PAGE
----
Asking “why am I fat?” is actually a great philosophical question. It led me to some very profound answers that have almost entirely changed my eating habits, and the way I relate to food. That’s why I’m writing a book about it. I’m sure some people will find it too radical and confronting, but for others it will provide the kind of certainty and insight they’ve been craving.

While you’re waiting for me to finish writing it, why not check out my new novel To Create a World? Unlike in Harry Potter the evil characters aren’t overweight!

Advertisements

Rethinking the Is-Ought problem

From wiki:

Hume also put forward the is–ought problem, later called Hume’s Law, denying the possibility of logically deriving what ought to be from what is. He wrote in the Treatise that in every system of morality he has read, the author begins with stating facts about the world, but then suddenly is always referring to what ought to be the case. Hume demands that a reason should be given for inferring what ought to be the case, from what is the case. This because it “seems altogether inconceivable, how this new relation can be a deduction from others”.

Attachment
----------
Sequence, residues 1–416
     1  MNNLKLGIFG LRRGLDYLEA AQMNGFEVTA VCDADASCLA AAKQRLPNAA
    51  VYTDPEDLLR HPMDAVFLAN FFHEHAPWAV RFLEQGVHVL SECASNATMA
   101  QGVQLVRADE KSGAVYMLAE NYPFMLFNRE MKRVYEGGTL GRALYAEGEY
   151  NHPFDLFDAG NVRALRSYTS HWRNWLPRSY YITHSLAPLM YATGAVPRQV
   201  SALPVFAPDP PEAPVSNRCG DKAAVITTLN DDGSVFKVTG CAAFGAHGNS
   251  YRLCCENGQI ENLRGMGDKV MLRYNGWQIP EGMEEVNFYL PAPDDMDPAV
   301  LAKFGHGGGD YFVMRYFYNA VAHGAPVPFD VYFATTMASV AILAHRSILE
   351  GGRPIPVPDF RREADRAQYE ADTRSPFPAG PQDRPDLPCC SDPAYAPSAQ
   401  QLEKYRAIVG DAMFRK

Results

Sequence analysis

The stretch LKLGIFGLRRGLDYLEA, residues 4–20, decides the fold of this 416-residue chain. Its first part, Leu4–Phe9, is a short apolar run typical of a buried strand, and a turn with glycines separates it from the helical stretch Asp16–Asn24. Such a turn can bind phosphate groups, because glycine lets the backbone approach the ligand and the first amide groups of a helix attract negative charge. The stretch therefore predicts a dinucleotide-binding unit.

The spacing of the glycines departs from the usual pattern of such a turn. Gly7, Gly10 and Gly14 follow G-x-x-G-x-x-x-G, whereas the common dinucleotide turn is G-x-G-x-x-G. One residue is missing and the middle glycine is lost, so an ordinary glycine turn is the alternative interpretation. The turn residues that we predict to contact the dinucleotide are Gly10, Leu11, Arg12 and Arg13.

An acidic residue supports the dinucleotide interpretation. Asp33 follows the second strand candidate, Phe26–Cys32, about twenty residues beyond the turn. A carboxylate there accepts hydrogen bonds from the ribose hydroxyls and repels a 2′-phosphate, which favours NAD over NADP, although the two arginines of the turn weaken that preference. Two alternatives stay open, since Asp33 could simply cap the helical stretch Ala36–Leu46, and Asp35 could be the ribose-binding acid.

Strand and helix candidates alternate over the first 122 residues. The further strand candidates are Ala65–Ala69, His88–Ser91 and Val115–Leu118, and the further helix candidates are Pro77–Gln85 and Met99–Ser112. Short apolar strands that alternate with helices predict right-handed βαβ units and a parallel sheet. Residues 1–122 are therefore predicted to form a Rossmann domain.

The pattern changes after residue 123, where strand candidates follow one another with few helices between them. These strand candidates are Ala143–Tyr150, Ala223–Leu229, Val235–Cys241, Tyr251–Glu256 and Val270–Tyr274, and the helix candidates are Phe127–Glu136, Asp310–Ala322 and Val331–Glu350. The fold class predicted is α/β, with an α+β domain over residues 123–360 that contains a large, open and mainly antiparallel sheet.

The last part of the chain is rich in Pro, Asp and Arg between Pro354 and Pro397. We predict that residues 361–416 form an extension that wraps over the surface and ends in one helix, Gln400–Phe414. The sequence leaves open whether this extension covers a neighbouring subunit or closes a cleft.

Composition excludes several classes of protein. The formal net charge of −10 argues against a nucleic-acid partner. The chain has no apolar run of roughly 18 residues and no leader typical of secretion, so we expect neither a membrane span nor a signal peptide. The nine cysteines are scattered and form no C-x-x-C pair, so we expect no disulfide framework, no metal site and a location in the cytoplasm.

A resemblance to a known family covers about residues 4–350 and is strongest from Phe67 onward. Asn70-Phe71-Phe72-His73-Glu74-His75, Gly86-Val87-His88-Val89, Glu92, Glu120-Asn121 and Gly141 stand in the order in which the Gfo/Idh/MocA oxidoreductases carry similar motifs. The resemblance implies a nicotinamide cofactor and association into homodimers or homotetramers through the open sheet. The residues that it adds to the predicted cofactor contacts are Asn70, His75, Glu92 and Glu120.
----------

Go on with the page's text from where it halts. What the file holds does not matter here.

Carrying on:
To put it another way, there is no rational way to convince me that I ought to do anything. All such efforts must come down to some presupposition or assumption that cannot be rationally compelling.

For example, though it may be true that human beings desire happiness, it does not follow that they ought to desire happiness, or accede to this desire, or that this desire is therefore good.

Nor that it would be bad or wrong to act against this desire, or to desire unhappiness instead.

The fact that I do desire happiness does not rationally compel me to accept that this desire for happiness has normative power.

This argument can be used against any system of ethics. Or indeed, against any normative statement.

The problem with it is that it attempts to rationalise ethics to a point that neglects or misconstrues what ethics actually is.